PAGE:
Ashley Mengwasser: You saw the spark?

Dr. Grant Rivera: I was inspired.

Ashley Mengwasser: Yeah. He didn't look back. What's your story, Chuck?

Chuck Gardner: So, I started out as a middle school band director, believe it or not.

Ashley Mengwasser: I love it.

Chuck Gardner: So, I was a big trumpet player in high school and went to Florida State, studied music, decided I wasn't going to make a living as a trumpet player, so -

Ashley Mengwasser: Why not?

Chuck Gardner: I guess I wasn't as good as I thought I was. But went back, came home, got a job teaching, never really thought about administration until I was at a school, was tasked to be on a school improvement team, and then started to learn the work of school improvement. Kind of fell in love with that. And then went back to graduate school. Got my degree administration. At the time Grant was actually the principal of the high school that my middle school where I was teaching fed. So I reached out to him, didn't know the guy from Adam. I was like, I'll send this guy an email. He'll probably never return it, but let's see if I can help him solve some problems at South Cobb and spend some time with him and learned from him. And I did. And he actually answered it. We did lunch. He hired me a little later on for my first opportunity at Campbell High School. We parted ways and we were principals together for a short period of time in Fulton. And the rest is history. And then this is year five now that I just started in Marietta as COO with him. So it's been a ride.

Ashley Mengwasser: Do you guys get to interact with each other pretty much every day in your roles?

Dr. Grant Rivera: Yes, every day.

Ashley Mengwasser: In what way do you cross paths?

Dr. Grant Rivera: Well, it's interesting sometimes because we have an 18-year history and sometimes it's about personal stuff and checking in about counting calories of the meals we eat to the dogs, to everything else. But quite honestly, that's the nature of the job between a superintendent and a COO. We are in the weeds of everything.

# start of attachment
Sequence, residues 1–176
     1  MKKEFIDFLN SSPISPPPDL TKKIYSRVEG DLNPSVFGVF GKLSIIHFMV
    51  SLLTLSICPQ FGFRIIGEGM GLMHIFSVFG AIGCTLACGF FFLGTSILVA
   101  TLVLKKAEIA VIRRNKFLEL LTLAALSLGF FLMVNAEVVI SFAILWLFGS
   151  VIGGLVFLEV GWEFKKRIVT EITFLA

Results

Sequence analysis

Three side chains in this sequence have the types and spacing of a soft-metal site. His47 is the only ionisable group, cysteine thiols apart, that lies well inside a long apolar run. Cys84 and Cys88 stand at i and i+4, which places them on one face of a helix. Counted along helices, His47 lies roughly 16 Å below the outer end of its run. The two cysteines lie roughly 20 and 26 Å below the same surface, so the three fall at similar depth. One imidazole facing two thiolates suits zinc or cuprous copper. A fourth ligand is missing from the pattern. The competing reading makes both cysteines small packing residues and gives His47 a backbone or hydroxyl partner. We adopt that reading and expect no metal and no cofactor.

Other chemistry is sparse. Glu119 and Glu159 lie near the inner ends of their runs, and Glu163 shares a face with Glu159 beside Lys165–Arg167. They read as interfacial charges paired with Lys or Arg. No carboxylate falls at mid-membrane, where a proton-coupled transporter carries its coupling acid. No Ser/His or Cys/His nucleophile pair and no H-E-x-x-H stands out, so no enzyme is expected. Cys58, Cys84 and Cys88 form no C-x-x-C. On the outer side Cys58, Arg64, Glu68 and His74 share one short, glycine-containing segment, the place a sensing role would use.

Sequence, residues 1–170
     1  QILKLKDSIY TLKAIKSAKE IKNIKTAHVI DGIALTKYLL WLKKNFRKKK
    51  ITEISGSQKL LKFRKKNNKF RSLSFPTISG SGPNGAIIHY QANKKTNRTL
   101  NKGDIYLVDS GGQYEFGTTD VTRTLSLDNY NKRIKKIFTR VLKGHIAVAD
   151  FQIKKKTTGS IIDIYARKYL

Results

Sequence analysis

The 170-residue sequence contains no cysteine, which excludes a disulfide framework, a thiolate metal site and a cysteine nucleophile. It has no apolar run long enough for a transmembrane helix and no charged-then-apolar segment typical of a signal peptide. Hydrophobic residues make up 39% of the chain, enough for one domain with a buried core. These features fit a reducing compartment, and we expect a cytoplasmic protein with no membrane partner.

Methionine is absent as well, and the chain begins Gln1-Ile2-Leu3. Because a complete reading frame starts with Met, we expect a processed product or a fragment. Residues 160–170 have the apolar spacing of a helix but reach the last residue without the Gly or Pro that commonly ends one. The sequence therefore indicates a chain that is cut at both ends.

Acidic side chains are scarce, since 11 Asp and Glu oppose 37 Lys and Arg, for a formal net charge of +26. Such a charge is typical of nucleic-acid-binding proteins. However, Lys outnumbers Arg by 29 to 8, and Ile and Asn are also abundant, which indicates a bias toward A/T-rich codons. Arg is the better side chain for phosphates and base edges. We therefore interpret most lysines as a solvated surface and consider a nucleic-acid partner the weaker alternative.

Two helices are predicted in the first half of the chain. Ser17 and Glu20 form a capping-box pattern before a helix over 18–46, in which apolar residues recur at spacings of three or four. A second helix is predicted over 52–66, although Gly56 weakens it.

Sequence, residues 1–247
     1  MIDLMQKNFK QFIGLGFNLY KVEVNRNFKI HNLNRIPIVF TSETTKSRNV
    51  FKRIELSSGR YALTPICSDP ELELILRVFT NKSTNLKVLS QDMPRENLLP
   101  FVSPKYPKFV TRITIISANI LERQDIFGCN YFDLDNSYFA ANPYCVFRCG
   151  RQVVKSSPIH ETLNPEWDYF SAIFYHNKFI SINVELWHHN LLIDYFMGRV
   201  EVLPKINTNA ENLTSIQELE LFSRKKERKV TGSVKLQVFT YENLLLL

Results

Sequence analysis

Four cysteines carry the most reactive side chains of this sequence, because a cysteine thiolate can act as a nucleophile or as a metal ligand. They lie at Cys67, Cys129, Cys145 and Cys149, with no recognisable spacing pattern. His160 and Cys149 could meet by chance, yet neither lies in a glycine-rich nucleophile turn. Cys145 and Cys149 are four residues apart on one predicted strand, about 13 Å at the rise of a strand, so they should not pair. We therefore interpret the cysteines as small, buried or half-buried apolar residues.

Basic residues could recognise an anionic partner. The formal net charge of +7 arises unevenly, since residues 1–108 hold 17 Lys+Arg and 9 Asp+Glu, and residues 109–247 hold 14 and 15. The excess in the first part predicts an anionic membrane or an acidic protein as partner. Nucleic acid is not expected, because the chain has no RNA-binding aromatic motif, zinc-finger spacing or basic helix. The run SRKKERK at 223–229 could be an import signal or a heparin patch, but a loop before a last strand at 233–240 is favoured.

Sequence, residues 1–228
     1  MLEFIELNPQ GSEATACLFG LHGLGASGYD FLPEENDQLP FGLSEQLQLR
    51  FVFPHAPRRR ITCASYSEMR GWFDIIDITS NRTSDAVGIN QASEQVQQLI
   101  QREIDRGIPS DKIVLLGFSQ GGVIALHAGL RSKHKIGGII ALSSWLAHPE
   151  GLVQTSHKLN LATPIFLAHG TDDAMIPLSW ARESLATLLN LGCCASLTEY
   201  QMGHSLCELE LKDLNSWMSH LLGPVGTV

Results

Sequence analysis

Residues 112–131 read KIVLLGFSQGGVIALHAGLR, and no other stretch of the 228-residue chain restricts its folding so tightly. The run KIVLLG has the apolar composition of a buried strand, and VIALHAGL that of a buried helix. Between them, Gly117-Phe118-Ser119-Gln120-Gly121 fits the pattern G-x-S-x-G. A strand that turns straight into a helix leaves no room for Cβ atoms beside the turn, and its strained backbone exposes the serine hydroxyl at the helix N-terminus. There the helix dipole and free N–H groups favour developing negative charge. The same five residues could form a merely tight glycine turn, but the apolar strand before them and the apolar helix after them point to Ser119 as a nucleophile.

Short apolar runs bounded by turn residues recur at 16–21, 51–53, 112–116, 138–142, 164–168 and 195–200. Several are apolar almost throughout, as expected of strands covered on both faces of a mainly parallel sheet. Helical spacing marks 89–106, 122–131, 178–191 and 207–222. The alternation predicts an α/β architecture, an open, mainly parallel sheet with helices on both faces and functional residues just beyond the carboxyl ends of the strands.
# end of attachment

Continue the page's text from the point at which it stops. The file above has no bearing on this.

Ashley Mengwasser: In the weeds.

Dr. Grant Rivera: So, if we're not talking about family and other personal things, we're talking about just keeping the district running seamlessly for kids and staff. So it's every day.

Ashley Mengwasser: What is a surprising joy in your job, Chuck, would you say as COO?

Chuck Gardner: Part of my responsibilities is construction. What's really neat is to actually a playground. We put in, I think six or seven playgrounds since I've been in this role. And when you put the playground in and then you get to drive by the first day that the kids are on it and just kind of watch them run out and see the joy on their face and know that you have hand in that happening. It wasn't something I really expected as a former high school principal, that really wasn't if you'd have told me five years ago-

Ashley Mengwasser: Playgrounds.

Chuck Gardner: But playgrounds would be. But it's just something about seeing the joy on a kid's face and you're like, that's why we do what we do. And it's not just me, but my maintenance team. They love to go out there and quietly watch too. And it kind of recharges our batteries to see that.